MOSCOW (AP) – Kyrgyz voters cast their ballot on Sunday in parliamentary elections that come just over a year after a sweeping change of government in the former Soviet Central Asian nation.

President Sadyr Zhaparov, who was elected in January following protests that toppled his predecessor, expects the ballot to further strengthen his grip on power.

With 65% of the constituencies counted, three blocs all supporting Zhaparov became the main voters.

Kyrgyzstan, a country of 6.5 million people bordering China, is a member of Russia-dominated economic and security alliances. It houses a Russian air base and depends on financial support from Moscow.

Zhaparov was serving an 11-and-a-half-year sentence for kidnapping a regional governor in connection with a gold mine dispute when he was released by stone-throwing supporters who challenged the results of the parliamentary elections in ‘October 2020.

The unrest last year marked the third violent ousting of the country’s leader in 15 years. Like previous uprisings that toppled presidents in 2005 and 2010, the unrest of 2020 was driven by clan rivalries that shape the country’s politics.

After his election, Zhaparov pushed for a referendum which approved a new constitution that significantly increased presidential powers at the expense of parliament. He reduced the size of the country’s parliament from 120 to 90 seats and gave the president the power to appoint judges and heads of law enforcement.

In Sunday’s vote, 54 seats are filled by party lists and the remaining 36 are filled by one-round ballots.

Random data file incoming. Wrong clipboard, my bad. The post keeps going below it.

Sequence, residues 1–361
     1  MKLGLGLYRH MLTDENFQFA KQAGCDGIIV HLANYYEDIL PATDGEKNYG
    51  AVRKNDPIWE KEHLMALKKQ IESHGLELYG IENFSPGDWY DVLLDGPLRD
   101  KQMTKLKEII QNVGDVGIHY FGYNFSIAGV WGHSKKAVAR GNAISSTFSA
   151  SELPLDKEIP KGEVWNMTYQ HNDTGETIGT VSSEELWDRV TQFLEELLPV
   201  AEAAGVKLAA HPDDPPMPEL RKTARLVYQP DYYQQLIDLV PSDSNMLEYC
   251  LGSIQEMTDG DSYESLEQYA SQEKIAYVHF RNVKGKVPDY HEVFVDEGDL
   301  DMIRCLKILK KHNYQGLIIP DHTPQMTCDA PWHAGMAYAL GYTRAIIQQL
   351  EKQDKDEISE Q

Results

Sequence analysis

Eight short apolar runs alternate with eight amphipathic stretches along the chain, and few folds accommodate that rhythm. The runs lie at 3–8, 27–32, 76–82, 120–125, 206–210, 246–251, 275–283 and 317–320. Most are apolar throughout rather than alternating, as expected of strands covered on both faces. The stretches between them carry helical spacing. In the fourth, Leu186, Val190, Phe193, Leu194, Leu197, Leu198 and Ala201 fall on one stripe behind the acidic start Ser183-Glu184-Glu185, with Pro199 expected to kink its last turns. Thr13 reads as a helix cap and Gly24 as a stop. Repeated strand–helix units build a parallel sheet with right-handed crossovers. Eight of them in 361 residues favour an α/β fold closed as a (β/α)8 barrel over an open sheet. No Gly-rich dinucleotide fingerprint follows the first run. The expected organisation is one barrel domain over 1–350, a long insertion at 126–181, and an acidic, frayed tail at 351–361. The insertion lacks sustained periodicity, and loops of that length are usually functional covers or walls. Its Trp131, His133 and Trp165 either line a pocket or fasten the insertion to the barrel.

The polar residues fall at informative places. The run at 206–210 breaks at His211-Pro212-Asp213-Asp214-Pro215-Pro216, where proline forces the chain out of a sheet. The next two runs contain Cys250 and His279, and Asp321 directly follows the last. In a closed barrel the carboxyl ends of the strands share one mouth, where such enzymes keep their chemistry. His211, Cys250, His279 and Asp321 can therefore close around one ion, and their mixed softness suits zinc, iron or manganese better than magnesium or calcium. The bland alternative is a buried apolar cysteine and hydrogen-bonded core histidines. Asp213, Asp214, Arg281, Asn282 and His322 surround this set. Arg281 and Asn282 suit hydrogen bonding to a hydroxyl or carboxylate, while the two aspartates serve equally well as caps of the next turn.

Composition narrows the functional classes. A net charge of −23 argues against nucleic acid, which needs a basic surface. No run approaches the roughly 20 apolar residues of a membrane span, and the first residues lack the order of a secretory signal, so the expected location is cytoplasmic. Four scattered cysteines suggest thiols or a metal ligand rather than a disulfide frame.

With 65% of the constituencies counted, Ata-Zhurt (Father Kyrgyzstan), Ishenim (Faith) and Yntymak (Harmony) led the race with respectively around 30%, 25% and 20% of the votes on the party lists, according to the Central Election Commission. All three blocks were loyal to Zhaparov.

A few opposition parties were far behind.

Tensions had mounted in the country ahead of the vote, with Zhaparov accusing his political enemies of staging a mutiny and warning those who attempted to stage post-election riots would face prosecution.

“Some politicians are planning an armed coup,” Zhaparov said. “We all know them and after the vote we will take tough action against them. People who take to the streets for no reason will face severe punishment. “

On Friday, the National Security Agency said it foiled a coup plot involving several “destructive-minded” members of parliament and former senior officials who were accused of recruiting around 1 000 supporters and having stockpiled weapons and drugs to organize post-election riots.

On Saturday, the Kyrgyz authorities announced the arrest of four representatives of political parties accused of attempting to buy votes.